FINDINGS AND RECOMMENDATIONS RECOMMENDING DISMISSAL OF ACTION, WITHOUT PREJUDICE, FOR FAILURE TO STATE A CLAIM (Doc. 1) OBJECTIONS DUE WITHIN THIRTY DAYS
Plaintiff Kane Campbell*fn1 ("Plaintiff") is a state prisoner proceeding pro se in this civil rights action pursuant to 42 U.S.C. § 1983. Currently pending before the Court is the complaint, filed on December 2, 2010. For the reasons discussed below, Plaintiff's complaint fails to state a cognizable claim.
The Court is required to screen complaints brought by prisoners seeking relief against a governmental entity or officer or employee of a governmental entity. 28 U.S.C. § 1915A(a). The Court must dismiss a complaint or portion thereof if the prisoner has raised claims that are legally "frivolous or malicious," that "fails to state a claim on which relief may be granted," or that "seeks monetary relief against a defendant who is immune from such relief." 28 U.S.C § 1915(e)(2)(B).
In determining whether a complaint states a claim, the Court looks to the pleading standard under Federal Rule of Civil Procedure 8(a). Under Rule 8(a), a complaint must contain "a short and plain statement of the claim showing that the pleader is entitled to relief." Fed. R. Civ. P. 8(a)(2). "[T]he pleading standard Rule 8 announces does not require 'detailed factual allegations,' but it demands more than an unadorned, the-defendant-unlawfully-harmed-me accusation." Ashcroft v. Iqbal, 129 S. Ct. 1937, 1949 (2009) (quoting Bell Atlantic Corp. v. Twombly, 550 U.S. 554, 555 (2007)).
Plaintiff brings this suit against private attorneys Mark Geragos, Scott Ross, and Nareg Garjian claiming they accepted $80,000 to represent him in a felony vandalism prosecution. Defendants allegedly failed to represent Plaintiff, slandered him, and are trying to have him murdered in prison.
Liability under section 1983 exists where a defendant "acting under the color of law" has deprived the plaintiff "of a right secured by the Constitution or laws of the United States." Jensen v. Lane County, 222 F.3d 570, 574 (9th Cir. 2000). "The United States Constitution protects individual rights only from government action, not from private action." Single Moms, Inc. v. Montana Power Co., 331 F.3d 743, 746 (9th Cir. 2003) (emphasis in original). "Only when the government is responsible for a plaintiff's complaints are individual constitutional rights implicated." Single Moms, Inc., 331 F.3d at 746-47 (citing Brentwood Academy v. Tennessee Secondary School Athletic Assoc., 531 U.S. 288, 295, 121 S. Ct. 924, 930 (2001)) (emphasis in original).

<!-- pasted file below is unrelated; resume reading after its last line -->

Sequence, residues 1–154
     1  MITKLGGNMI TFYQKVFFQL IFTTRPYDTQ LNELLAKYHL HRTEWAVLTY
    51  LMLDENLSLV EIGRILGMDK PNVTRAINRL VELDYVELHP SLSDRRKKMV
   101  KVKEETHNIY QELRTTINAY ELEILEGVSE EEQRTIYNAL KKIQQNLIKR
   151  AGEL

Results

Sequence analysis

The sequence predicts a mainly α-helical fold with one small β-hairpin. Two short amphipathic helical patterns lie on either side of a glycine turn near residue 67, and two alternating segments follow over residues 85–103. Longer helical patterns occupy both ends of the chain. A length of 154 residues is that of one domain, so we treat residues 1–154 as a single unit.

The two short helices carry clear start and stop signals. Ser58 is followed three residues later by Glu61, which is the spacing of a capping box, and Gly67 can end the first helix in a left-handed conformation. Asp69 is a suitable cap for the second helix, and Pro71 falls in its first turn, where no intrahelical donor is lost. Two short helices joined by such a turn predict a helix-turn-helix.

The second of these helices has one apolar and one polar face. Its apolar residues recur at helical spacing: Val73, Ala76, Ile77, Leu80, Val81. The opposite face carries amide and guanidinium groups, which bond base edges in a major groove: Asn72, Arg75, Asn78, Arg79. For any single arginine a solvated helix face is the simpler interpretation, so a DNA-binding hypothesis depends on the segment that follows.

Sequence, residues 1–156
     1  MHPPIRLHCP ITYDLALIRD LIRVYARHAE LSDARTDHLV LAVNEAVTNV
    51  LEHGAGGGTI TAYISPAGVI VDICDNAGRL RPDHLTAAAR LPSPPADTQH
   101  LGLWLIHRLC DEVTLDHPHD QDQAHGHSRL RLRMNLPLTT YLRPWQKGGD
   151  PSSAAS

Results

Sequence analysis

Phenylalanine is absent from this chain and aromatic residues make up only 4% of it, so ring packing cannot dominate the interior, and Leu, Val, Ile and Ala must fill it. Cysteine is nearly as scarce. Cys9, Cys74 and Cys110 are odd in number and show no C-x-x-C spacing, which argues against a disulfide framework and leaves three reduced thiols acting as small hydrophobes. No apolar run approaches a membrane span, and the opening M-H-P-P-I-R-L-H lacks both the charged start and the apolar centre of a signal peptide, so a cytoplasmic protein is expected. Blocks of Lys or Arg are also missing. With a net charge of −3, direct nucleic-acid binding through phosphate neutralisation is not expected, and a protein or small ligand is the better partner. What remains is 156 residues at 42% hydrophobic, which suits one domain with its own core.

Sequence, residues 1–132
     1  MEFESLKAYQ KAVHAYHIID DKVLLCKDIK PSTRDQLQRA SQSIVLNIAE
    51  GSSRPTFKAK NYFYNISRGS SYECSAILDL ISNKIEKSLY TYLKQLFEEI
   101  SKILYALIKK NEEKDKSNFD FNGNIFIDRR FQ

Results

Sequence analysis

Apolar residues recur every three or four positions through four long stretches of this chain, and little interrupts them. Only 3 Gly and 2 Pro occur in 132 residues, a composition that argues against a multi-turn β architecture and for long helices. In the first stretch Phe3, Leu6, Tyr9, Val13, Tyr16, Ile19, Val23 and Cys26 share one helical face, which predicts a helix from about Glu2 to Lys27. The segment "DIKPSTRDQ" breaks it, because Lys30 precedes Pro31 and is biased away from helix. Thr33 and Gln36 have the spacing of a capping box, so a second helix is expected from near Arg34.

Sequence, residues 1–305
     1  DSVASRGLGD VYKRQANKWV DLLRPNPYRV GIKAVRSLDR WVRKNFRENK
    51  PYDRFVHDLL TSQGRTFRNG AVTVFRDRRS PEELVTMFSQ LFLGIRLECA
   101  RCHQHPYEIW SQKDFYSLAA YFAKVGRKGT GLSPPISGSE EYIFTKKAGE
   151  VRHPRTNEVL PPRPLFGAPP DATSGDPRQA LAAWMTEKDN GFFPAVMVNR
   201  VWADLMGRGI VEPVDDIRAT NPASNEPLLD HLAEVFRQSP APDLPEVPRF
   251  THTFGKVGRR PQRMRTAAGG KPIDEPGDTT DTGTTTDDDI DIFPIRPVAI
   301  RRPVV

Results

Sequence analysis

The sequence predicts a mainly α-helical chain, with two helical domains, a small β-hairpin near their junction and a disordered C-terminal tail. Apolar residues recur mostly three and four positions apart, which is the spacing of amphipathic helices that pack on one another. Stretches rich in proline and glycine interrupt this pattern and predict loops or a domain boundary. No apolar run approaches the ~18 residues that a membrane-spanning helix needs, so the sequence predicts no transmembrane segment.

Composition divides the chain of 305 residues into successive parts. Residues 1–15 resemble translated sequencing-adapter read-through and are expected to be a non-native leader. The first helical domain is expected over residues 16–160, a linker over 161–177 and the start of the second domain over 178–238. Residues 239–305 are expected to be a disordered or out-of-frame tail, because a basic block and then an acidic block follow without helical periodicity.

Plaintiff's allegations that Defendants, who are private attorneys, failed to perform on a legal contract, slandered him, and are attempting to have him harmed in prison do not allege acts by any person "acting under the color of law" and do not state a cognizable claim under section 1983.
III. Conclusion and Recommendation
The Court finds that Plaintiff's complaint fails to state any claims upon which relief can be granted under § 1983 against any named Defendant. Under Rule 15(a) of the Federal Rules of Civil Procedure, leave to amend 'shall be freely given when justice so requires.'" In addition, "[l]eave to amend should be granted if it appears at all possible that the plaintiff can correct the defect." Lopez v. Smith, 203 F.3d 1122, 1130 (9th Cir. 2000) (internal citations omitted). However, in this action Plaintiff's suit against private parties is insufficient to state a claim under § 1983. The Court finds that the deficiencies outlined above are not capable of being cured by amendment, and therefore further leave to amend should not be granted. 28 U.S.C. § 1915(e)(2)(B)(ii); Noll v. Carlson, 809 F.2d 1446, 1448-49 (9th Cir. 1987).
Accordingly, based on the foregoing, the Court HEREBY RECOMMENDS that this action be dismissed in its entirety, without prejudice, for failure to state a claim upon which relief can be granted.
These findings and recommendations will be submitted to the United States District Judge assigned to the case, pursuant to the provisions of Title 28 U.S.C. § 636(b)(l). Within thirty (30) days after being served with these findings and recommendations, Plaintiff may file written objections with the Court. The document should be captioned "Objections to Magistrate Judge's Findings and Recommendations." Plaintiff is advised that failure to file objections within the specified time may waive the right to appeal the District Court's order. Martinez v. Ylst, 951 F.2d 1153 (9th Cir. 1991).